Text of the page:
A flurry of PDC agreements came throughout the day. It seemed that the A’s kicked things off before 10 AM with their 4-year PDC with the Nashville Sounds. However, the Giants and Sacramento River Cats scheduled their own press conference, also at 10, to talk about their 2-year PDC. Then all the other affiliates and PDCs got in line, finishing with a hastily agreed upon agreement between the Brewers and Colorado Springs.

Brewers GM Doug Melvin even sounded like a spurned lover:

“Very disappointing. We gave them 10 years there. A number of times we had a chance to move and we were patient with (the Sounds). I’m just disappointed they wouldn’t have given us two [more] years for what we put up with there.”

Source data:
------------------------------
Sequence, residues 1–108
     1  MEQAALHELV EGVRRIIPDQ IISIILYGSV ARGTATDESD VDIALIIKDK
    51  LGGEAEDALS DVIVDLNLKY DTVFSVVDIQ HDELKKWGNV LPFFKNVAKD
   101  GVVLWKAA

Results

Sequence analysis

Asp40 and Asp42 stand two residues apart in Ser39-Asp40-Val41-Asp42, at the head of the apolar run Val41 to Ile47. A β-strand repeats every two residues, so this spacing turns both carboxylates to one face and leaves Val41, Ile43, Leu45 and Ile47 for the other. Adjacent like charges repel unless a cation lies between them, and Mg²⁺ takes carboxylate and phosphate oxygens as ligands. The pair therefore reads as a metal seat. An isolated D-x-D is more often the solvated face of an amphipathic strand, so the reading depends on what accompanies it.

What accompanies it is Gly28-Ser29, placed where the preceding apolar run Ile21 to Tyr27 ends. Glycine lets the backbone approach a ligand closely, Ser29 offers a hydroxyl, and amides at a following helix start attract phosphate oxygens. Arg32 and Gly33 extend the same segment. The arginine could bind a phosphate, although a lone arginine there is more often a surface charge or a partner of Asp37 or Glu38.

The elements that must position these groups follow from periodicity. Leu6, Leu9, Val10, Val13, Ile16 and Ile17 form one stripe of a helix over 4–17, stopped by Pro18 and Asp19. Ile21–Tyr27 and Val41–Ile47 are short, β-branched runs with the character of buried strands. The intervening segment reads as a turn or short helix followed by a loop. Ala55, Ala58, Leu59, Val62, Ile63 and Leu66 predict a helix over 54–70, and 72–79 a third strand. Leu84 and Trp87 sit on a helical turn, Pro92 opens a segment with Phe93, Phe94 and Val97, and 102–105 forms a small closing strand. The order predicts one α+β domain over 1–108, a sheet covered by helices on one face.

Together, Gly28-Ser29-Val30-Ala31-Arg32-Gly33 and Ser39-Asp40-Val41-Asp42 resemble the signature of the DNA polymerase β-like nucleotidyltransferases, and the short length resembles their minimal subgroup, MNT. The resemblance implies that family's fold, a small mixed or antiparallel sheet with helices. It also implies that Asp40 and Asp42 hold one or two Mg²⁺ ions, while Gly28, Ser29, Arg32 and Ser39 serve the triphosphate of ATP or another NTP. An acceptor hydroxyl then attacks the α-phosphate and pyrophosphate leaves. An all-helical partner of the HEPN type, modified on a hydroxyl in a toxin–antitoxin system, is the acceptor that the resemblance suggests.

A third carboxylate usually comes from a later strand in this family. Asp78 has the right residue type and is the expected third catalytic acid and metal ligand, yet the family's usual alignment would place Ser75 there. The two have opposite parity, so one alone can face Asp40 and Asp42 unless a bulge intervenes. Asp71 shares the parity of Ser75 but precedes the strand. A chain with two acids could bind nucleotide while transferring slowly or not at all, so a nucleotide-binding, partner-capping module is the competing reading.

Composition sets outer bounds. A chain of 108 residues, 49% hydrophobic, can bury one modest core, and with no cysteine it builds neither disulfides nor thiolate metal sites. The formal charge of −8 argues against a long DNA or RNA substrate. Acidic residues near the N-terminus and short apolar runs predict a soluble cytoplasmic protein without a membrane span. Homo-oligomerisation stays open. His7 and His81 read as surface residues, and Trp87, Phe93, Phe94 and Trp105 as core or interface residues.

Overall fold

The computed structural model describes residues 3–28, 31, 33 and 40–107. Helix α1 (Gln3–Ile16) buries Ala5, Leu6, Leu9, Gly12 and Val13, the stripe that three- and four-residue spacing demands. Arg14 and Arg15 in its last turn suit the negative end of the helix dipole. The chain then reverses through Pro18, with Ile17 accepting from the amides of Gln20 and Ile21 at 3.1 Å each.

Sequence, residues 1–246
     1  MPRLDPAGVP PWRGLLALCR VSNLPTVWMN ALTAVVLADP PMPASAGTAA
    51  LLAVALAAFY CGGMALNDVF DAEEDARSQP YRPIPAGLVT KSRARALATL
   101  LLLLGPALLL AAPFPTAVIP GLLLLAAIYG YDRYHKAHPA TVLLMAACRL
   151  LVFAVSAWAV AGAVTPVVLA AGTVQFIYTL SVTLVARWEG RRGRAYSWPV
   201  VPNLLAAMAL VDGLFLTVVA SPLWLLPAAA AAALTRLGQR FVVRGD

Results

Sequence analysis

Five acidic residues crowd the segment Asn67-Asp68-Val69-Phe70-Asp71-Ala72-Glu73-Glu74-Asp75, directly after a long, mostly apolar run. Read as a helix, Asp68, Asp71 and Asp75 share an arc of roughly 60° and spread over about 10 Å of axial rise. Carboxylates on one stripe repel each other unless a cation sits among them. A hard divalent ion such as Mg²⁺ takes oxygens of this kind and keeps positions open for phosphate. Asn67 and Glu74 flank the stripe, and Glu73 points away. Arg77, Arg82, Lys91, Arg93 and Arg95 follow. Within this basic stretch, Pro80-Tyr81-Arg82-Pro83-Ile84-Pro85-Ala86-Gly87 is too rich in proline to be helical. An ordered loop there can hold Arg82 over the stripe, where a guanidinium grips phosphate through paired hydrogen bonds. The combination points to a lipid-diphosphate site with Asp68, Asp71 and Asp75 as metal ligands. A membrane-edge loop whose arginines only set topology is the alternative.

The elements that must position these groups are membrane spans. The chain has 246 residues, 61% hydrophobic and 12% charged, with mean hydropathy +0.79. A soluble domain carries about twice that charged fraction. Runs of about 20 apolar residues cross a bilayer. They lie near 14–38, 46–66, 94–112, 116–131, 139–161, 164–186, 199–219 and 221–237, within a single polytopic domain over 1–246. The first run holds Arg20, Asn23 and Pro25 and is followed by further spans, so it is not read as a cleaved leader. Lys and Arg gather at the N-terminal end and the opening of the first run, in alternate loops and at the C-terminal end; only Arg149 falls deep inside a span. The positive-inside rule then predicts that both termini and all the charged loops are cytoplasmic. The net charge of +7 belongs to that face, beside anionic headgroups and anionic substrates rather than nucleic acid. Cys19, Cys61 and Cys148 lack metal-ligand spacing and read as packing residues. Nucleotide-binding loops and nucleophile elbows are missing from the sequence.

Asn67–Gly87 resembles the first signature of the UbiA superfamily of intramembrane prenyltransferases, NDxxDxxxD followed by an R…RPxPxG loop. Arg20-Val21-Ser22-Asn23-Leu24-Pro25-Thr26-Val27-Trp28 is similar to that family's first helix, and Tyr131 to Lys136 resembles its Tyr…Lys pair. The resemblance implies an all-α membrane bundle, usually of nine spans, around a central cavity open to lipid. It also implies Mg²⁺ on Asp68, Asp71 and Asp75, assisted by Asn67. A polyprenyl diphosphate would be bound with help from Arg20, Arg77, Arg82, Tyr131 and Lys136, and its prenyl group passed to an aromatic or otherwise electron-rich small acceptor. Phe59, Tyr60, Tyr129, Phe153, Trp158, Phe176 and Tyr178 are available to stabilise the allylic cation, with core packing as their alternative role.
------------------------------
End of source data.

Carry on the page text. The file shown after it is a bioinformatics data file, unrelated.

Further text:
There happens to be Greer Stadium, the aging, 36-year old ballpark south of downtown Nashville which is being replaced by shiny First Tennessee Park. The agreement’s only for 2 years, which may allow the Brewers to try another city, since Colorado Springs is only slightly above the seventh circle of hell when it comes to desirable affiliate cities because of park factors. That doesn’t explain why the Rockies were so eager to bolt for Albuquerque, a city that is more than a mile above sea level. The game of musical chairs, which was truly kicked off by the Dodgers when co-owner Peter Guber bought a 50% interest in the Oklahoma City Red Hawks last week. OKC will be the new AAA affiliate of the Dodgers, which left the Astros to hook up with the Fresno Grizzlies.